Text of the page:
Surgical technique consisted of laparotomy for radical nephrectomy with ipsilateral adrenalectomy and retroperitoneal lymphadenectomy. The lymphadenectomy was performed according to the surgeon’s preference and on the basis of clinical and intraoperative findings. The lymphadenectomy template normally included hilar, precaval, retrocaval and interaortocaval nodes for the right kidney, and interaortocaval and para-aortic nodes for the left one.

All microscopic slides were retrospectively reviewed by a single uropathologist (MF) blinded to patient outcomes. All patients included in the current analysis had sinus fat tissue available for histological examination. Since 1987, according to a standardized sampling protocol, all nephrectomy specimens have been carefully examined. Specifically, description of tumour extension beyond the kidney into perinephric fat, renal sinus fat and renal vein, was always addressed. Moreover, at least one wedge of sinus fat was sampled in case of tumour mass far from sinus, or two or three wedges when the tumour was in close proximity, to confirm a possible microscopic invasion. PFI was defined as the extension of the tumour into the fat surrounding the renal capsule; RSFI was characterized by the spread of the tumour into the fat of the renal sinus.

After surgery, chest and abdominal imaging studies (abdominal ultrasound and chest radiographs or thoraco-abdominal CT) were performed every 4 months for the 1st year, every 6 months up to the 5th year, and annually thereafter. In addition, a bone scan was performed every year. Data on survival or cause of death were determined from the clinical files at our centre, information from patients’ relatives, or death certificates.

The survival rates were calculated from the date of surgery to the last available follow up (date of death in censused cases). Survival curves were estimated using Kaplan–Meier methods. Differences between the survival curves were determined by the log-rank test. Univariable and multivariable Cox regression analyses tested the association between all the available predictors (i.e. age, presence of synchronous metastases, lymph node involvement, Fuhrman grade, simultaneous presence of VTT and PFI, RSFI, or PFI and RSFI) and CSM.

Statistical analyses were performed with the software package SPSS version 13 (SPSS Inc., Chicago, IL, USA). Statistical significance was defined as a P value < 0.05.

RESULTS

The clinical and pathological characteristics of 184 patients with RCC and VTT are summarized in Table 1, according to the presence of TFI and its extent (PFI or RSFI, or PFI and RSFI). Nineteen of the 184 patients (10.4%) were pNx, 118 (64.1%) were pN0 and 47 (25.5%) were pN1). Median number of lymph nodes removed was eight (mean 10; range 2–58).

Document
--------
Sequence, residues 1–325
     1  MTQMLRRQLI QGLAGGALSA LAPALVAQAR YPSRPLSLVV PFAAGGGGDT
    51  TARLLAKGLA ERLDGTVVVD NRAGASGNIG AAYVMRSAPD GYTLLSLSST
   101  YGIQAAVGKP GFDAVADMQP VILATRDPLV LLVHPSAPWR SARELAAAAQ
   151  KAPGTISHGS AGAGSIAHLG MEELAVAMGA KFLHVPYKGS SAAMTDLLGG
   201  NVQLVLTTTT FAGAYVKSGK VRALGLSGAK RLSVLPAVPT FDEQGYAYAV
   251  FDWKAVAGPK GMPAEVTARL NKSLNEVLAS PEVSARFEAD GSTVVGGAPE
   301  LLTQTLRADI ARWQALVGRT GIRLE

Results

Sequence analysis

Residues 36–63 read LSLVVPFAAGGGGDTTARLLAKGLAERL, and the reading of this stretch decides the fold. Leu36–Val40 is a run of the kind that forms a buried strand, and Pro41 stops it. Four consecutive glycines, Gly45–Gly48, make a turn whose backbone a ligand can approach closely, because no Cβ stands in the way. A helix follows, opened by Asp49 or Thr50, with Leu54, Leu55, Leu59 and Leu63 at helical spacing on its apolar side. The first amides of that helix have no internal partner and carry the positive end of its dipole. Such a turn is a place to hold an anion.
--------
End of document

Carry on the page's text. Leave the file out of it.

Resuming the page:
Table 1.  Patient characteristics and descriptive statistics
VariableAll patients (N= 184)No TFI (N= 48) n (%)PFI or RSFI only (N= 83)PFI and RSFI (N= 53)P value
  1. ECOG, Eastern Cooperative Oncology Group; TFI, tumour fat invasion; PFI, perinephric fat invasion; RSFI, renal sinus fat invasion. *One-way analysis of variance test;†Pearson chi-square test.

Age (years)    0.324*
 Mean (median)62.5 (63.1)60.1 (61.8)62.4 (63.1)64.4 (65.2)
 Range26–8335–8332–7926–78
Tumour dimensions (cm)    0.004*
 Mean (median)10.2 (10.3)8.5 (8.7)10.3 (10.6) 11.3 (11.5)
 Range3.2–233.2–20.03.5–23.06.0–22.0
ECOG performance status, n (%)    0.415
 0–1125 (67.9)34 (70.8)56 (67.5)35 (64.8)
 ≥259 (32.1)14 (29.2)27 (32.5)18 (35.2)
Pathological stage (TNM 2009), n (%)    0.058
 pT3a 116 (63.0)35 (72.9)55 (66.3)26 (49.1)
 pT3b27 (14.7)7 (14.6)12 (14.4)8 (15.1)
 pT3c41 (22.3)6 (12.5)16 (19.3)19 (35.8)
Pathological grade, n (%)    0.011
 238 (20.6)14 (29.2)18 (21.7)6 (11.3)
 399 (53.8)27 (56.3)47 (56.6)25 (47.2)
 447 (25.6)7 (14.5)18 (21.7)22 (41.5)
Nodal status (TNM 2009), n (%)    0.029
 pN0 118 (64.1)33 (72.9)55 (66.3)30 (56.7)
 pN+47 (25.5)7 (14.5)21 (25.3)19(35.8)
 pNx19 (10.4)8 (16.6)7 (8.4)4 (7.5)
Distant metastases, n (%)    0.032
 No109 (59.2)35 (72.9)49 (59.0)25 (47.2)
 Yes75 (40.7)13 (27.1)34 (41.0)28 (52.8)

Clear cell RCC was diagnosed in 172 patients, papillary RCC type 2 was found in 11 patients and chromophobe RCC was found in one patient.

The median follow up was 21 months (range 2–220 months). Of the 131 patients (71%) who died, 109 (59%) died from RCC. Thirty-six patients (20%) were alive and disease-free and 17 (9%) patients were alive but presenting distant metastases or local recurrence. The median follow up of the 55 living patients was 45 months (mean 64 months; range 15–220 months). Forty-eight patients did not present TFI, 83 patients showed either PFI or RSFI, and 53 patients presented both PFI and RSFI.

Eleven patients presented pT3c renal cell carcinoma with subdiaphragmatic VTT and IVC wall invasion. Two of these patients presented no TFI, four had either PFI or RSFI, and five had both PFI and RSFI. Median CSM-free survival in these patients was 11 months (range 2–170 months).

The presence of either PFI or RSFI, and invasion of both renal fat compartments were significantly associated with the presence of synchronous nodal or distant metastases, higher tumour grade, and greater tumour dimensions, compared with patients with no TFI (all P < 0.05) (Table 1).